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Earlier this week I was reviewing the web site of a company that helps the children and spouses of people with Alzheimer’s and other forms of dementia.
These people, as I know from personal experience, are ready to explode from the stress that builds up from trying to prevent Dad from wandering into the ravine or Mom from destroying the bathroom.
When my mother’s degenerative brain disease was getting out of control, I didn’t want to read clinical descriptions of services. I didn’t want to look at happy snaps that reminded me of what life used to be like.
I needed to find someone, right now, who would make sure my chain-smoking mother didn’t burn down the house when my father took a well-needed break on the bike trails. I needed someone strong enough to stand up to her rage. And that was just the beginning.
Talking to the people who run this service was so much better than reading their web site. They were passionate and compassionate, expert and experienced. They understood me and my mother and father and the millions like us. I wish I’d known them when my mother got sick.
Unfortunately, like so many other small business owners, they thought they could write their own web content. After all, they are experts in their field. They have excelled at university, written countless essays and been published in professional journals.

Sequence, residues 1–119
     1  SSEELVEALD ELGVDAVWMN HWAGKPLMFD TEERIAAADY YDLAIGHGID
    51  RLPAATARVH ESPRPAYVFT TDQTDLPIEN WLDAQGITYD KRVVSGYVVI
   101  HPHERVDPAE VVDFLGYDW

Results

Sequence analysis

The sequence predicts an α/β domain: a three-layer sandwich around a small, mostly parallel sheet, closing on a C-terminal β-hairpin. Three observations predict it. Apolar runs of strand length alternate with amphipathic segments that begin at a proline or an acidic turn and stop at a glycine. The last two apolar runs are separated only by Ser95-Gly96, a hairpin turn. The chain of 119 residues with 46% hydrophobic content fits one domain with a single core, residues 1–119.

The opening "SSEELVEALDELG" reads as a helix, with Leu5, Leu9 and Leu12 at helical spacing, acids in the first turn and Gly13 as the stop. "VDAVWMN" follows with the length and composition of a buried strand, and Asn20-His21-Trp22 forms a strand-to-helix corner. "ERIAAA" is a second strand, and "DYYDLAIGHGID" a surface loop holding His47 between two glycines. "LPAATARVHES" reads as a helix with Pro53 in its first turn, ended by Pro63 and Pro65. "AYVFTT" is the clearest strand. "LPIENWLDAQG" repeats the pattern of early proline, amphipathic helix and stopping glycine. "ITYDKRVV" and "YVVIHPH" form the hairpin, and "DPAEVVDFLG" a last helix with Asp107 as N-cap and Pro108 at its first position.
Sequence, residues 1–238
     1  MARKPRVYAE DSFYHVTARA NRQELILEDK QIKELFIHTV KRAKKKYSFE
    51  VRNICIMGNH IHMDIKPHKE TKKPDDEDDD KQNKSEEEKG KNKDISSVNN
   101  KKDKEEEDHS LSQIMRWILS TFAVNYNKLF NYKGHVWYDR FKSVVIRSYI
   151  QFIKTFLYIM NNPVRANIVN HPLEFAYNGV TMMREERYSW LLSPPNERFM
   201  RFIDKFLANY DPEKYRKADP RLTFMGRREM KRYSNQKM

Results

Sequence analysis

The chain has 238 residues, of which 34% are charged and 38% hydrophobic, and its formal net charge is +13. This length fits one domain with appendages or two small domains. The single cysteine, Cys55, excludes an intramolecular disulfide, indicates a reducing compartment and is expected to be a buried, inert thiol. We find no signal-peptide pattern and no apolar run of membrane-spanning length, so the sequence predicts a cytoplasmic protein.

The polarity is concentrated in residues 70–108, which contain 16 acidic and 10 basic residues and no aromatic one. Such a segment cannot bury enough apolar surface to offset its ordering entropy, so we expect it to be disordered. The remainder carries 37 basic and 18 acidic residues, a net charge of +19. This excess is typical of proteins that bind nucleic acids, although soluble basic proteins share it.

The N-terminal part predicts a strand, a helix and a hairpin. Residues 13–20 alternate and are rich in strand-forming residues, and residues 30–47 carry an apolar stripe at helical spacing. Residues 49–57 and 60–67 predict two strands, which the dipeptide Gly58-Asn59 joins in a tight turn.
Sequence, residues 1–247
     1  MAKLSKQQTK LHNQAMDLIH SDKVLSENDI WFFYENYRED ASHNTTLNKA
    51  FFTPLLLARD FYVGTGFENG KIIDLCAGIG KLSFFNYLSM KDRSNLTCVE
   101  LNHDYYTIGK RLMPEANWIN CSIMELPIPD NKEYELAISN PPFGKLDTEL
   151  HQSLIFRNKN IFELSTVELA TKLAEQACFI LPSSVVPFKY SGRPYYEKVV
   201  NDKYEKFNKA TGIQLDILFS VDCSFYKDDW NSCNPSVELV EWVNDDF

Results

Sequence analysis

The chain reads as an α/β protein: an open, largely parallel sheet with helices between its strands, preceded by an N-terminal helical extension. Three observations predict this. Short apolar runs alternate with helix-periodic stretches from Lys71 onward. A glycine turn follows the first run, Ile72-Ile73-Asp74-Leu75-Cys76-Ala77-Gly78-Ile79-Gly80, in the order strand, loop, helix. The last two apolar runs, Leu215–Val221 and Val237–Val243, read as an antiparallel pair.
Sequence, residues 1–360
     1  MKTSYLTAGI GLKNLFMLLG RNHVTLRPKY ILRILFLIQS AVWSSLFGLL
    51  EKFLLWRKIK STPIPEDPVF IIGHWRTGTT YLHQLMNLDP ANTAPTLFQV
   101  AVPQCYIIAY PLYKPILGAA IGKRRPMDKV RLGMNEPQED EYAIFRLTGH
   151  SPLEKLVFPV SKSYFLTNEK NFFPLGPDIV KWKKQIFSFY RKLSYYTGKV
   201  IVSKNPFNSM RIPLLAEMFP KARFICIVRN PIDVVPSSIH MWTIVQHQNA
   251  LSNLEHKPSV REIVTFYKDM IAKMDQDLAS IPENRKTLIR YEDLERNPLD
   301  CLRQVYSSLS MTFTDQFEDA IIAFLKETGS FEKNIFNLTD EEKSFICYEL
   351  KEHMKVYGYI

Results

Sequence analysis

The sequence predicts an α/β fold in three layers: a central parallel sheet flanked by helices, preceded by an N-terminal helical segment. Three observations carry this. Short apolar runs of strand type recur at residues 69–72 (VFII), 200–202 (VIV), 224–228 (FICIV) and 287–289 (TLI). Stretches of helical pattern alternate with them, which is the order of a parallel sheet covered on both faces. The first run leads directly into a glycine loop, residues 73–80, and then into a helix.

Unfortunately, organizations like these don’t think they can afford to hire a writer, a good one anyways. So what should they do?
Write like they talk. That’s my top piece of advice and the inspiration for the e-book that I’ll be publishing very soon.
Like the Alzheimer’s helpers, most people, especially those with businesses and causes, are quite articulate and emotional when they talk about what they do.
The trouble comes when they treat writing as something utterly divorced from talking, worse still when they forget that web sites are about starting conversations.
Too bad. People like them don’t make money by exploiting the desire to look cool or young or whatever. As anyone who has fallen down the caregiver rabbit hole can tell you, they fill a profound need.
Their site wasn’t all bad, but it needs to be much better so more despairing caregivers can be reassured that there’s quality help available.
So let’s hope they can learn how to write like they talk. Or make enough money to pay someone.
After all, their web site is their introduction to the people who so desperately need them. They are their web site.
This post has been revised and moved to http://www.stickycommunication.ca/2010/09/just-write/.
First impressions mean everything, whether it’s your first day of kindergarten or the first paragraph of your post.
Hook your readers with a clear summary of your point and a compelling reason to continue.
The art of persuasion
People respond to people, not faceless organizations.
Persuasion directs specific benefits to individuals; inspiration offers higher ideals for the greater good.
More coming soon in the interactive e-book Write like you talk—only better. 3 steps to turn good talkers into great writers.